The Danish film The Reformist-a Female Imam will kick start on Wednesday CPH:DOX’s 2019 programme dedicated to women.We spoke to the director.

Maria Skovgaard’s The Reformist-a Female Imam is an inspiring film about women empowerment, focusing on Danish activist Sherin Khankan, as she tries to establish Europe’s first mosque led by female imams in the heart of Copenhagen.

For more than three years, Skovgaard has followed Khankan as she holds on to her dream of reforming the patriarchal interpretations of the Qur’an, with a group of progressive Muslims. We witness the restless activist, as she fights internal disagreements, growing Islamophobia and conservative Muslims.

The film competing for the festival’s DOX: Award is produced by Jesper Jack of House of Real, with support from Nordisk Film & TV Fond among others. First Hand Films handles world sales. 

First of all, what does it mean for you to open CPH:DOX?
Marie Skovgaard: It’s a huge honour and I can’t think of a better start for the film: everyone who helped make the film will be present. I’m proud, excited and nervous.

When did you first get the idea for the film?
MS: It started almost four years ago. I knew about Sherin Khankan as she is a public figure and I had met her before. When I heard of her idea to create a mosque I got very curious. I’m very interested in women on a mission who want to make an impact, change the status quo. I discussed with Sherin and asked if I could be part of the very first meetings she held about the creation of the mosque. I was therefore able to follow her even before she became an imam. It was a true privilege.

As a non-Muslim did you have to do much research to understand the challenges that Sherin Khankan was facing in her efforts to reform the reading of the Qur’an to make it less patriarchal?
MS: My film is not about Islam and Muslims in Denmark, rather about a woman who is a Muslim, a mother, a feminist, an activist on a mission. I call her a reformist, which stands for someone who creates gradual change rather than revolution.

How was your collaboration with Sherin Khankan?
MS: We had many conversations on and off camera. I spent a lot of time with her and her collaborators, helping at the mosque, doing the dishes etc. At the beginning I didn’t know what kind of a film it would be; I simply wanted to stay open and take part in conversations, to understand what they were interested in rather than what I was interested in. It took some time to build trust.

What did you do to gain the trust from the community at the mosque?
MS: A lot of people didn’t want to be in front of the camera for personal reasons and a big part of my job was to understand what people wanted. Some were there to be part of Sherin’s reformist project, others for Islamic spiritual care. I had to be very careful about telling their stories and protecting them at the same time.

The most sensitive subject, at the heart of the debates was interfaith weddings. Mariam’s mosque is one of the few mosques in the world where Muslim women can marry non-Muslims. People come from all over the world to do that. But as it’s a new thing, it’s sensitive. I filmed maybe ten weddings but for different personal reasons wasn’t able to use the material.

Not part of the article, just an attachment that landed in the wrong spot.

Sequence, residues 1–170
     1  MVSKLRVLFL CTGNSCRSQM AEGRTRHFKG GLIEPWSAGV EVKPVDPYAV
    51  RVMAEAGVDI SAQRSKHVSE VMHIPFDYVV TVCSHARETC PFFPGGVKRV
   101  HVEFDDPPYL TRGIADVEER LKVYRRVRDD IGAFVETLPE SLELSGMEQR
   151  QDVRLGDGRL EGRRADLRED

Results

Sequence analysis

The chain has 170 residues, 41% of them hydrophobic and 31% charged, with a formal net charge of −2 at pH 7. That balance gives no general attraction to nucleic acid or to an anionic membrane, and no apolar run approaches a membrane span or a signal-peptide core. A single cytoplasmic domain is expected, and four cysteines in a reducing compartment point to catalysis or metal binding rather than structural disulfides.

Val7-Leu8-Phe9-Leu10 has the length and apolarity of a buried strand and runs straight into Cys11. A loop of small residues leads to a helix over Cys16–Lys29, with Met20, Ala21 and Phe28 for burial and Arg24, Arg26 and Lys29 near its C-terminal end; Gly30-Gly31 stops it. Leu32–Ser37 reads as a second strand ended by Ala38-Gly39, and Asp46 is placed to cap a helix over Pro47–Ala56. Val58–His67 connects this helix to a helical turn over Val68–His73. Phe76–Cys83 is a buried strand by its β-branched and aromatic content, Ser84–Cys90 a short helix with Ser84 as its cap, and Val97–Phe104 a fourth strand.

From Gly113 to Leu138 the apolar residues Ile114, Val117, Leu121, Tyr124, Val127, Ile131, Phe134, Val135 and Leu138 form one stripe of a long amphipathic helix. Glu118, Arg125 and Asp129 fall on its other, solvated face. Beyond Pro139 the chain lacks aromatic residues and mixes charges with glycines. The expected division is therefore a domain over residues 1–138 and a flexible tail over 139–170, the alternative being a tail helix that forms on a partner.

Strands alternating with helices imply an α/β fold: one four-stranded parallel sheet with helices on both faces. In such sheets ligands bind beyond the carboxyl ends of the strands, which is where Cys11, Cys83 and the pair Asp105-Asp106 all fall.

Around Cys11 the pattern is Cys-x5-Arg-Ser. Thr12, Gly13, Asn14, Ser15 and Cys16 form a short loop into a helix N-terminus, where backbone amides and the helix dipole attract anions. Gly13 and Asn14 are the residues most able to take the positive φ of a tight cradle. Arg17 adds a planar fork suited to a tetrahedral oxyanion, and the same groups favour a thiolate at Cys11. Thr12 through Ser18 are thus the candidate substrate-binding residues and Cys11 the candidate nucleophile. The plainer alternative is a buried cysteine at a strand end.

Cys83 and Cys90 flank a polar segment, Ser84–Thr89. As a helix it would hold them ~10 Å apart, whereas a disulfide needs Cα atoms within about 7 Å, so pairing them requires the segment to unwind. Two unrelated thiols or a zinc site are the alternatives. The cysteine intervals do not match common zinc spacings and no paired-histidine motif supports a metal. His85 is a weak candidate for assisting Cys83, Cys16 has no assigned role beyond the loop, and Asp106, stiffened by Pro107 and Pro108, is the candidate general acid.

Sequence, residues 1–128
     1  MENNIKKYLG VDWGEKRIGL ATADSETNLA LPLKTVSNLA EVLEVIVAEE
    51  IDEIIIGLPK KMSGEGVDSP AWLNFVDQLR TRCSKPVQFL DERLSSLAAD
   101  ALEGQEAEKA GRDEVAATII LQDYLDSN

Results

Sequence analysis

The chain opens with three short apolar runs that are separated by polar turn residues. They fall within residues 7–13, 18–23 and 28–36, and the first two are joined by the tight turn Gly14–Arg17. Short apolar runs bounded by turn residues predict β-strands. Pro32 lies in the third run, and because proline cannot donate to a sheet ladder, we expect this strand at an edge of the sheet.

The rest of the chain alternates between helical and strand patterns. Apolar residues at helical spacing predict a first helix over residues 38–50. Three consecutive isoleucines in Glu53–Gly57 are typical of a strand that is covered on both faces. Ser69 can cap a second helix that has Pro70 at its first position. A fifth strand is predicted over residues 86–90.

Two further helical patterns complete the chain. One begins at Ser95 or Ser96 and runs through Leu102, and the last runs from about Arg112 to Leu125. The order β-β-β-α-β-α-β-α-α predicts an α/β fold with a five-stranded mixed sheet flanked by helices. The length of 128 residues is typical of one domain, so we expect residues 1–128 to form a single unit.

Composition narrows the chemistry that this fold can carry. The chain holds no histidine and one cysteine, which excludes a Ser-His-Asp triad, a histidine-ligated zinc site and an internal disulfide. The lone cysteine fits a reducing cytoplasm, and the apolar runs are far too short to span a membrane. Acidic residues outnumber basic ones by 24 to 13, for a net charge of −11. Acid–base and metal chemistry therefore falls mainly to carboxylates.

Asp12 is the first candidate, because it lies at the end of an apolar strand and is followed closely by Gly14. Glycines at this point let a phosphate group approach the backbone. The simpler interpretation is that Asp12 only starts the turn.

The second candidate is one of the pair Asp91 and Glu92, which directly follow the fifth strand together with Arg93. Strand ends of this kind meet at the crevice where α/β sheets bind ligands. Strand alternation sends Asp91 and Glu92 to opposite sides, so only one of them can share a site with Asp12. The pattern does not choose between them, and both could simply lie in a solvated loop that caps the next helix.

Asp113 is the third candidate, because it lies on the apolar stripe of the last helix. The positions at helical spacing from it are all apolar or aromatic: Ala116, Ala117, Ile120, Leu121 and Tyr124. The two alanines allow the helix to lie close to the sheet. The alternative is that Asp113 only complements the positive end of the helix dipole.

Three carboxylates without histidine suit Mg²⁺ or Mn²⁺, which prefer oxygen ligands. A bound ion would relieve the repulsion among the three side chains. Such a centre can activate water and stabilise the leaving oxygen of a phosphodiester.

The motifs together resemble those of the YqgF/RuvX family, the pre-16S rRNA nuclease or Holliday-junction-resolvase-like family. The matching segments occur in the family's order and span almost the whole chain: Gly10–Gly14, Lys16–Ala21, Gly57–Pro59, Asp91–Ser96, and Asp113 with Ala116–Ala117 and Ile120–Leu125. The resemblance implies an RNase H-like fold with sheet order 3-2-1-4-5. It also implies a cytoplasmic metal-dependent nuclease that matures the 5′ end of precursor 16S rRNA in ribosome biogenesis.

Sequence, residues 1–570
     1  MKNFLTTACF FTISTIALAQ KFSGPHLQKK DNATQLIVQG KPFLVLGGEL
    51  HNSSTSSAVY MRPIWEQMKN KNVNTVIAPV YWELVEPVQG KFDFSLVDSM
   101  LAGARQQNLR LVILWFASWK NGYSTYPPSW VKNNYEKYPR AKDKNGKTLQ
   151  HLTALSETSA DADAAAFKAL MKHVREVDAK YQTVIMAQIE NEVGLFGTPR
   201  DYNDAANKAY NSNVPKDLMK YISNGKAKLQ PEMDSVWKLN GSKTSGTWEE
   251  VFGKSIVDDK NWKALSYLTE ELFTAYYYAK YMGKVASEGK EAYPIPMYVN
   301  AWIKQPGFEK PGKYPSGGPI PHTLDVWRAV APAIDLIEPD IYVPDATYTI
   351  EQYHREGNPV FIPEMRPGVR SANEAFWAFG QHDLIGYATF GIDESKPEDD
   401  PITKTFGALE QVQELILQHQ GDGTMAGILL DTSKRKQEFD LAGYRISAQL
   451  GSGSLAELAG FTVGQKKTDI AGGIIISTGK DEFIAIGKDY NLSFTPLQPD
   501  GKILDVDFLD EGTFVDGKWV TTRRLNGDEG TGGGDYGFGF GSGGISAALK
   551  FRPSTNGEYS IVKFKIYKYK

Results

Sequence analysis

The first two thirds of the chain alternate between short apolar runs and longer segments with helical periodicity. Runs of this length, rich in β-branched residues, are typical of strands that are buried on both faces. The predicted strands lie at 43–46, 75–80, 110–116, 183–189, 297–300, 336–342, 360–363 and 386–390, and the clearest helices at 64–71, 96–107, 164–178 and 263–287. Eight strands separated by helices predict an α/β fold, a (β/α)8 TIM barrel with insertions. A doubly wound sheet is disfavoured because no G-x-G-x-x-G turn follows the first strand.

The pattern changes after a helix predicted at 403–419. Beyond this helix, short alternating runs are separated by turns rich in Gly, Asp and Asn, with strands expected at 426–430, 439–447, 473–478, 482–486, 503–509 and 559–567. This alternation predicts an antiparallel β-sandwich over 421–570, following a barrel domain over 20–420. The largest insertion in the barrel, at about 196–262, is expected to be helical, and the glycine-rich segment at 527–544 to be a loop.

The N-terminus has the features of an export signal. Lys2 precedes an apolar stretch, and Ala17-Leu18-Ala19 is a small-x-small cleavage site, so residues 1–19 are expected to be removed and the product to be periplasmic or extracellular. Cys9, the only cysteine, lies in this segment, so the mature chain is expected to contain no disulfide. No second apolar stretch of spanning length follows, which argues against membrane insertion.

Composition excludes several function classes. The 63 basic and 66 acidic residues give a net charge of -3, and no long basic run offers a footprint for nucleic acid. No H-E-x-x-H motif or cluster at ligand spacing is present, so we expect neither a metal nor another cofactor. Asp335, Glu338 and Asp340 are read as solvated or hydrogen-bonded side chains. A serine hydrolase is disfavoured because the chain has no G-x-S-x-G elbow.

Why did you choose to film Sherin’s private life and family as well?
MS: Sherin is very intense and full on all the time. There is no strict line between private and public life and the film reflects that fluidity. Also, a lot of changes she wants are for future generations, including her own children.

Did you ever feel unsafe at Mariam Mosque, afraid of reactions from extremists?
MS: Never. There are pressures from many sides in Danish society, from radical Muslims and far right movements. In the film I used social media to describe opposition to Sherin’s reforms.

Can you tell us about your visual style and music?
MS: Overall I tried to give a modern visual style, bright, welcoming. I filmed almost everything myself as the mosque is a sensitive environment to be with a camera. I always tried to make myself as small as possible, to be as close as possible to everyday life at the mosque.

Regarding the music, I had a great collaboration with composer Philippe Boix-Vives. We wanted the music to be like a modern interpretation of the East. For me the music had to reflect Sherin, who is both from the East [her father is a political refugee from Syria] and the West [her Finnish mother moved to Copenhagen, working as a nurse]. We used woodwork instruments to make the film breathe and lift the story.

Following the film’s launch at CPHDOX, how will you collaborate with the local and international distributors to make sure the largest possible audience will watch it and create impact?
MS: As a filmmaker you want your film to be seen as widely as possible. It will be shown on DR, Yle, RÚV, SVT, Ikon in The Netherlands and at festivals. We are also part of a national equality campaign in Denmark which will take the film to schools across the country. We’re just starting the whole outreach work.